What Does the ND Filter Number Mean and How to Purchase One?
What does the ND filter number mean?
ND filters come in different strengths or darkness levels. For the photographer, the easiest way is to have ND filters that tell you how many stops of light they will darken your exposure. Most brands of ND filters label the nd filters with either a factor number or optical density number. But for the photographer, neither of them is referred to the number of stops by which the light is reduced.
There are two common ways of quoting ND filter strengths, and one less common:
2x, 4x, 8x, etc. Sometimes these are referred to as ND2, ND4, ND8, and so on. These refer to the amount by which the light is diminished. An ND2 filter halves the light, while an ND8 filter reduces it to one eighth.
1 stop, 2 stops, 3 stops, etc. Sometimes these are referred to as EV, for exposure value. These are probably the most convenient measurement because they tell you how many stops they'll adjust your exposure by.
Numbers like 0.3, 0.6, 0.9 etc. These are basically just 0.3 x the number of stops of EV. These are less common.
Each stop of exposure value refers to a halving of light, so:
1 stop = ND2
2 stops = ND4
3 stops = ND8
4 stops = ND16
And so on.
Stacking multiple ND filters adds stops, and multiplies strength values.
So, ND500 sounds like a lot, but it'd be the same as stacking an ND16 and an ND32 (16 x 32 = 512; manufacturers round it to 500).
What is an ND Filter?
The neutral density (ND) filter is one of the basic gears that should be included in every landscape photographer’s camera backpack. Many beginners may don’t know how, where, and when to use them. In this article, we will introduce some basic knowledge of it.
The ND filter is a filter that, placed before the lens reduces the amount of light reaching the camera's sensor. It acts like a pair of sunglasses to your lens.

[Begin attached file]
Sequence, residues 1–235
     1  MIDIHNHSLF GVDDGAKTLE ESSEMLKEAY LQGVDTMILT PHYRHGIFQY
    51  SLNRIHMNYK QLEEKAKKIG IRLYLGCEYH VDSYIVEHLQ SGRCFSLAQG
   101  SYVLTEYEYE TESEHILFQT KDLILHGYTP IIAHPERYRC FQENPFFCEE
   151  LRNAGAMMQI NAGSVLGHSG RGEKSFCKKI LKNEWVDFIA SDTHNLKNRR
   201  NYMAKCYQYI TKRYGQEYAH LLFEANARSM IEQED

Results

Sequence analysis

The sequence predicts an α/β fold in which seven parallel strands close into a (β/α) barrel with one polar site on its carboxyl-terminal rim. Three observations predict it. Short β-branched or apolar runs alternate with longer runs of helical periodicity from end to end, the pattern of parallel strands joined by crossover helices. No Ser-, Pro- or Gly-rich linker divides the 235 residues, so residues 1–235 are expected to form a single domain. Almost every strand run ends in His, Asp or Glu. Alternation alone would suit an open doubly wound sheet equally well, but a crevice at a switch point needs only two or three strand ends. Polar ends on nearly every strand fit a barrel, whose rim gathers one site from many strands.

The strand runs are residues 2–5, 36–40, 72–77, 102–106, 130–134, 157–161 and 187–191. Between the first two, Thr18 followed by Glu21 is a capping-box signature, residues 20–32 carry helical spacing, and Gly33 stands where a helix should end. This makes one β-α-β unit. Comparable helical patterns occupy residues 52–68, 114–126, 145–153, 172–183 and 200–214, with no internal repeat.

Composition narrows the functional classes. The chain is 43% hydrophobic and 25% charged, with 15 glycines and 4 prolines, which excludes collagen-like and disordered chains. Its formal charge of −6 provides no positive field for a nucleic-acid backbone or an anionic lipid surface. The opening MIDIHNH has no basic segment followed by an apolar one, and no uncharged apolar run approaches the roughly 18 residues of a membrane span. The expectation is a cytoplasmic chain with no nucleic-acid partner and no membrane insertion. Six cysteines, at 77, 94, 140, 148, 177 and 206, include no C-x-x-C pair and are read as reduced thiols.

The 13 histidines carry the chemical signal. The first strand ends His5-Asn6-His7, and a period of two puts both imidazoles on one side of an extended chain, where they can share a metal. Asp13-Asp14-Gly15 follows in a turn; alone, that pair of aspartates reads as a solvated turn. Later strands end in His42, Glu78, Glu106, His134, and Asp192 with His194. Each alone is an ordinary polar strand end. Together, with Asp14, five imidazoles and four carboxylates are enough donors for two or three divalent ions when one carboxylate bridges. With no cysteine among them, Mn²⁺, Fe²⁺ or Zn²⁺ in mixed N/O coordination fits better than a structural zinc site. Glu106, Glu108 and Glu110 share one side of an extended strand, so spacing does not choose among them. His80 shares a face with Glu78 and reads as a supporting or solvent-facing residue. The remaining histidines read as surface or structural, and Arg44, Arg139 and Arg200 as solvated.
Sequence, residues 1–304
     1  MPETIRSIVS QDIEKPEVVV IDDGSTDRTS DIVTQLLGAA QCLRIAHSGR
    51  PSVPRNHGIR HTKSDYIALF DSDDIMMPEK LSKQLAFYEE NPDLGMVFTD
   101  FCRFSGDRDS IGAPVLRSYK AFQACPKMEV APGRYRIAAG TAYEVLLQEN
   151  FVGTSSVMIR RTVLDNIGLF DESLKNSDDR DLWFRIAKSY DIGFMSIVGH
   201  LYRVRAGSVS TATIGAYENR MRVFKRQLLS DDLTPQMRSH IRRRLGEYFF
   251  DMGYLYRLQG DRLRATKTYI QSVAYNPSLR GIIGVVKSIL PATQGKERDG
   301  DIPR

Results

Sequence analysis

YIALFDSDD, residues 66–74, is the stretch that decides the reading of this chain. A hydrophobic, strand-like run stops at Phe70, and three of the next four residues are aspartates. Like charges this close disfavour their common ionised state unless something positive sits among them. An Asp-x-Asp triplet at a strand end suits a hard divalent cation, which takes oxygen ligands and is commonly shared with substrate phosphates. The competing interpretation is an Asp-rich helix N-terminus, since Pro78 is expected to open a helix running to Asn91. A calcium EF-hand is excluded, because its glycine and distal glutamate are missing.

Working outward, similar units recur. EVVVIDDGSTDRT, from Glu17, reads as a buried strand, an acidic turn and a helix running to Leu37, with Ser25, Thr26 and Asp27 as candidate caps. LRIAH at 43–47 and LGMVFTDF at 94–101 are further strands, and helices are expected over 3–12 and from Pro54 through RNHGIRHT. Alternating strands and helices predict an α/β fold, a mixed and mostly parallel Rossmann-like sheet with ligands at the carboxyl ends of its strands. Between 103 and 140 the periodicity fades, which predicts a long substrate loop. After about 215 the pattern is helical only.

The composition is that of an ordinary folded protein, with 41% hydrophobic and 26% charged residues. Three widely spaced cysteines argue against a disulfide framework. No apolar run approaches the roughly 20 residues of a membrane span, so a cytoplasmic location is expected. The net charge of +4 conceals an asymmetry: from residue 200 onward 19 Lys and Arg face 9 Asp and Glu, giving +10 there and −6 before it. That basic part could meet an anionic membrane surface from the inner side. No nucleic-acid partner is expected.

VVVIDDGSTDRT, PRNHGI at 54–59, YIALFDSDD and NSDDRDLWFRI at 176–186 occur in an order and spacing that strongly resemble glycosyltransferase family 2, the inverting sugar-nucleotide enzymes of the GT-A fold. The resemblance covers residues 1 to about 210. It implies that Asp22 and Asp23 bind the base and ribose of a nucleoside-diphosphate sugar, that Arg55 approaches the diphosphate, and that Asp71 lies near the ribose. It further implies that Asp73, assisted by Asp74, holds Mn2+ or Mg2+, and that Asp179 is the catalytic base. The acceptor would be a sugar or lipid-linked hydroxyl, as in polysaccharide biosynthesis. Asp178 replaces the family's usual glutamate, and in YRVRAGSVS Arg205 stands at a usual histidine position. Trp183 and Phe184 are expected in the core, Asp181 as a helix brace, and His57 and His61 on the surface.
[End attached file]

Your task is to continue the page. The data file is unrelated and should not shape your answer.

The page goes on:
When would I use an nd filter?
One question you probably have is why and in what situations would you want to reduce the amount of light coming into your camera sensor.
Below are 5 situations you might need an nd filter to help.
When you want to bring the brightness of the sky down then it would be a perfect time for a certain type of ND filter.
Video shooting with wide aperture lenses outside is another application if you want to shot in a 2.8 or even wider. you are doing the day when it's very bright. way too much light coming into the camera kind of locked into out shutter speed. You cannot turn the ISO down further and that is a problem you can't solve without an nd filter. many high-end video cameras have nd filters built into them.
We also applications for strobe use.
Again if you’re trying to go with a very very wide aperture on a sunny day well cameras have sync speed limits which mean you cannot really use super-fast shutter speed and so one of the best ways to manage that is to lower the amount of light coming in-camera through an nd filter
For example, the long exposure shots like if you’re shooting a river or a stream or waterfall and you want to get that misty look. An ND filter is a spectacular way to go. However, it might be confusing in terms of what the grade of nd filter you have. You have to know how dark it is going to get and the problem is these are nomenclatures are used interchangeably so let’s just dive into the chart.
A stop is an arbitrary amount of light. If you have a shutter speed that’s twice as long as one before. You’re letting in twice the amount of light that is one stop. ND filters are rated in the amount of light that they reduce coming into the lens. so if we say this is an nd filter with the one-stop intensity that means it would let in half the amount of light as it did before and this is how nd filters are rated. So they have different intensities from 1-9 or 10,000?
There’s only a few of them that you really need to worry about I am gonna point those out here.
How to purchase one?
When you go to purchase an nd filter often it is going to have an nd number that will say something like nd 2 nd 4 nd 8 nd 16.
What is that referring to? Now the easiest way to keep track of this is to think of it in terms of fractions
So if you have an nd filter with strength or intensity of 2 all you need to do is turn it into a fraction by putting a 1 above it. So nd filter of 2 is going to let in half the amount of light. An ND filter of 4 is going to let in 1/4 amount of light and so on. So if it’s a 3 stops reduction it’s going to let in 1/8. if it’s a four-stop reduction so it’s an ND 16 it’s going to let in 1/16. if it’s an nd filter than reduces it by 5 stops that would be an nd 32 . and that’s going to let in a fraction of 1/32. and so on and so forth.
What the image effect of nd filters?
Here some more photographs from different F Stops of nd filter: